Trivia Questions About Alexander Graham Bell's Patent for the Telephone

On March 7, 1876, Alexander Graham Bell was granted a U.S. patent for his invention of the telephone. To celebrate that landmark development in telecommunications history, try your luck with our trivia questions to see how much you know about Bell and his inventions.


Who Was Bell's Closest Competitor for the Telephone Patent? # The telephone has come a long way in the years since this primitive model was used by Bell in a November 1876 demonstration. Bell was not alone in his quest to develop a device that could transmit the spoken word over wires. In fact, several other inventors were pursuing similar projects at the same time as Bell. Among those racing Bell to develop the first successful telephone were Elisha Gray, Antonio Meucci, Thomas A. Edison, and Charles Bourseul. Of those, Gray was right on Bell's heels. Bell filed for his telephone patent barely two hours before Gray made a similar filing. Western Union, which had dominated the telegraph industry in the latter half of the 19th century, was desperate to get in on the telephone business as well. To do so, the company hired Gray and Edison to develop their own telephone system, but Bell sued to block Western Union's effort.

Interestingly, the telephone we know has its roots in both patents. Gray's design used water as a transmitter, and Bell's original phone used a diaphragm with a needle in water. Bell spoke to his assistant in the other room saying "Come here, Watson! I want to see you!" An odd sentence to change the world with, but a world-changing one nonetheless. On August 3, 1876, he managed to extend the range even further, four miles from his lab to his home. And the rest, as we know from the device in our pockets, is history.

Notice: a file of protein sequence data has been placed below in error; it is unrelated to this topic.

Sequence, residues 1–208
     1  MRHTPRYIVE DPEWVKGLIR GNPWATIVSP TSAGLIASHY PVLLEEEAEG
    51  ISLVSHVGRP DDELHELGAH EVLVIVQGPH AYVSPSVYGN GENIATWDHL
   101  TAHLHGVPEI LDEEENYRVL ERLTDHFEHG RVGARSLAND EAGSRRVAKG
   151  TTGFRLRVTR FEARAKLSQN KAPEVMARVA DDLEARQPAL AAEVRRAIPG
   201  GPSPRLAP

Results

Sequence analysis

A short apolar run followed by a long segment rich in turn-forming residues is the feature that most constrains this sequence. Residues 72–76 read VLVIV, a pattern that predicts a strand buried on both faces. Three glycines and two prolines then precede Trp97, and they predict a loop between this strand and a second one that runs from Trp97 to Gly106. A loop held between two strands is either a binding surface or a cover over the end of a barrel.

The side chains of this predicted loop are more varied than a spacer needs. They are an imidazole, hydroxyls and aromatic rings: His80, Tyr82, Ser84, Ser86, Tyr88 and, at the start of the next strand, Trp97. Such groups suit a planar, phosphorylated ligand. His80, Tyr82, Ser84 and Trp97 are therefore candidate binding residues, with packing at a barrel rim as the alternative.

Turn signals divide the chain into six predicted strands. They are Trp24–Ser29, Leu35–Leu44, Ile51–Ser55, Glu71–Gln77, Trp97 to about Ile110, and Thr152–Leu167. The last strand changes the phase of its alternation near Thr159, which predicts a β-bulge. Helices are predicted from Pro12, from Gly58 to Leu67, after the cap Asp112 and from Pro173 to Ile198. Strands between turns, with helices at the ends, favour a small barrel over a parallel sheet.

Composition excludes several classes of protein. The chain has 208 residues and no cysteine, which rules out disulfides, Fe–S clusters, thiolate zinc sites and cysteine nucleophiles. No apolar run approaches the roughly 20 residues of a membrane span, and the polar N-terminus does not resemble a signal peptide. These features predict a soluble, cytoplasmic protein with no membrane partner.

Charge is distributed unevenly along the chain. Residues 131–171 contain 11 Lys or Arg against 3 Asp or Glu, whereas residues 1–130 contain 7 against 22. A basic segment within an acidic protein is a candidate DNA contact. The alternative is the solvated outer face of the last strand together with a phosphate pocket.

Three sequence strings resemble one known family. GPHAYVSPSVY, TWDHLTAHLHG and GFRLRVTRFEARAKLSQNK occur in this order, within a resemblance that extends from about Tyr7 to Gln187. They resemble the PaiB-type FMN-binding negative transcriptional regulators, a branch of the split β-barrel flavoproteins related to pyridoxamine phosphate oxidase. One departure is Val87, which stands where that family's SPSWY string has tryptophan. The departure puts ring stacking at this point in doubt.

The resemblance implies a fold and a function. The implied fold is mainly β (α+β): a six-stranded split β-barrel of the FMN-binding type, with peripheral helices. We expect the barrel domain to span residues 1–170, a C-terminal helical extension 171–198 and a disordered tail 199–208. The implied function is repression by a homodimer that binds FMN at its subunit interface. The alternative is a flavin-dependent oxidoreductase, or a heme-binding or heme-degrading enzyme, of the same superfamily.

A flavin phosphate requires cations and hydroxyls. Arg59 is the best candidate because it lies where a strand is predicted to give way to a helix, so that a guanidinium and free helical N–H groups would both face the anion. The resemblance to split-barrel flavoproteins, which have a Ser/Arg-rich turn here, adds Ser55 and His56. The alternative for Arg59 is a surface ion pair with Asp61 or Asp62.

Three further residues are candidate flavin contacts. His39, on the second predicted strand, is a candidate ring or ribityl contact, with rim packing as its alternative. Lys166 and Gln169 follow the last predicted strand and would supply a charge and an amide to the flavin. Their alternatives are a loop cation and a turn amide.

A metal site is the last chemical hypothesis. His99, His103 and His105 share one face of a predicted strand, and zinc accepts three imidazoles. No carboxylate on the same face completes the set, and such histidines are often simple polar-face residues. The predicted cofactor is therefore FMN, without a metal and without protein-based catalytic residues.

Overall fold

What Was Alexander Graham Bell's Profession? # The telephone has a fascinating story behind its patent. Just when, and if, Alexander Graham Bell invented the telephone is the subject of some debate. His brilliance, though, wasn't. Bell wasn't an electric engineer or physicist, but rather a professor of elocution and speaking who'd dedicated his life to working with the deaf and hard of hearing. In fact, his interest in speech dated back to his boyhood years, when he and his brother built a talking automaton, and Bell helped the Mohawk tribe near his Canadian home translate their language into visible symbols, learning to speak it in the process. 


What Was Bell's First Invention? # A museum celebrating the life and legacy of Bell is located at Baddeck on Cape Breton Island in Nova Scotia. As a child, Bell was fascinated by the workings of the natural world around him. The family of his close friend, Ben Herdman, operated a nearby flour mill. Curious about the work that was being done there, he was told by his friend that grains of wheat had to be removed from the husks that surrounded them, a laborious task. At age 12, Bell developed a somewhat primitive dehusking machine that was adopted by Herdman's father and others. Bell's dehusker consisted of nail brushes attached to a rotating paddle that freed the grains of wheat from their husks.

What Were Some of Bell's Other Inventions? Although he is clearly best remembered for his work on the telephone, Bell also developed other inventions and helped to refine and improve others' inventions. In the latter category, he came up with a refinement for Thomas Edison's phonograph by developing a wax-coated cardboard cylinder to replace Edison's tinfoil cylinder, an innovation that improved the phonograph's performance. Because his mother and wife were both deaf, Bell was especially sensitive to the needs of the hearing impaired. To better evaluate a person's hearing, he developed an audiometer that emits sounds at varying levels of intensity. He also developed a primitive metal detector to help pinpoint the location of the bullet lodged in President James A. Garfield's body after an assassination attempt in 1881. Sadly, Bell's invention did little to help Garfield, who died soon thereafter, because the metal detector was confused and confounded by the metal springs in the bed on which Garfield was lying. 

Photo credits: National Museum of American History, Leon Reed